Welcome! I am an engineer, programmer, designer, and all-around geek. You may be interested in some of my electrical and mechanical projects. Take everything you read here with a grain of salt and remember to wear your safety glasses.

A Stainless Steel and Cedar House Number Plaque

Here's something I made recently. For many years my house number was marked by stainless steel numbers from Blomus that have bosses on the back so that they float off of the wall surface somewhat. When we painted the house gray the stainless just didn't have enough contrast against that background, and since I had done a gray-plus-wood sort of theme in the recent bathroom renovations I decided to extend this to the exterior of the house with a sort of wood plaque behind the house numbers.

Lasercut Storage Bins

I have a small workshop space in a spare bedroom at home. Like many people that work in small shops I try to find ingenious ways to use every part of the buffalo. My latest improvements are some laser-cut plywood storage bins for small tools and parts, designed to mount to the sides of the hutch over my electronics workbench.

Sketching Again

From the Blind Monk; Seahorse birdbath, Orlando, FL; Prismacolor Magic Rub; Starbucks, Delray Beach; Oak table

Macro Photography Light Tent, Mk.2

I've upgraded my light tent for macro photography yet again. I reused most of the PVC components from the Mk.1 design but replaced some of the pipes to make the tent wider; I had sometimes been limited that way with the original design. I'm keeping this one at the office instead of at home and wanted to be able to accommodate one of the 23-inch wide patch panels I've designed, which requires a significantly wider light tent.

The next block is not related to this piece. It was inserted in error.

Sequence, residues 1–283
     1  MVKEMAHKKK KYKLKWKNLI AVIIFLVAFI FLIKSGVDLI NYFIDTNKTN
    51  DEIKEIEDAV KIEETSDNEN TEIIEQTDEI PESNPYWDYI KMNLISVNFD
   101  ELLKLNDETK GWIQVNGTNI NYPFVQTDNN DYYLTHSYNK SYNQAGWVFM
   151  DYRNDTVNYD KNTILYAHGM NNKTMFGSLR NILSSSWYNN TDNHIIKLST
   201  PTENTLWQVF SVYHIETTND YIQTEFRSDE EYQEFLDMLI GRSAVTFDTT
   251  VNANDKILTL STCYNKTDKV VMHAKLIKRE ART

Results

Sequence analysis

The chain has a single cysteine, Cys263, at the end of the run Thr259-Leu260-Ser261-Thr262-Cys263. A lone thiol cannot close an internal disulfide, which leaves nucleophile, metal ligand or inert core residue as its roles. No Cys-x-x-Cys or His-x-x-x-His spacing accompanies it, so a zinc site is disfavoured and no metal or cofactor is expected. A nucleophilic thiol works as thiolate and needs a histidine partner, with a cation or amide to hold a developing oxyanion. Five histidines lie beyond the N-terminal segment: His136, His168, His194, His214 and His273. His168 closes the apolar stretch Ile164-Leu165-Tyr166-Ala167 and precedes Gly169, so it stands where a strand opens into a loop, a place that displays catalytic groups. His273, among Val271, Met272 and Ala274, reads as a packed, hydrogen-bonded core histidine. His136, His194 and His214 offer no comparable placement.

Upgraded frame on IKEA table

I designed the Mk.2 around some left-over IKEA GALANT parts we had in the office, which yielded a table 47.5 inches wide and 31.5 inches deep. I bought some M10-threaded caster wheels and screwed them into the bottom of the GALANT legs to make the table mobile for ease of re-configuring my office area.

A Laser-cut Plywood Rack for Torx Drivers

In my product designs at my day job I sometimes specify torx-headed screws. This could be because the heads resist tool damage better. It could be because torx-heads are more available at the time for some particular combination of thread and length and material I need. Or it could just be because they look cool! Whatever the reason I need a number of torx drivers; in the larger sizes 1/4 inch hex-ended bits are just fine but for smaller sizes I prefer to have small screwdrivers for each one. Since I don't like them rolling around loose in a drawer I made a rack out of 1/4 inch birch plywood on the laser cutter.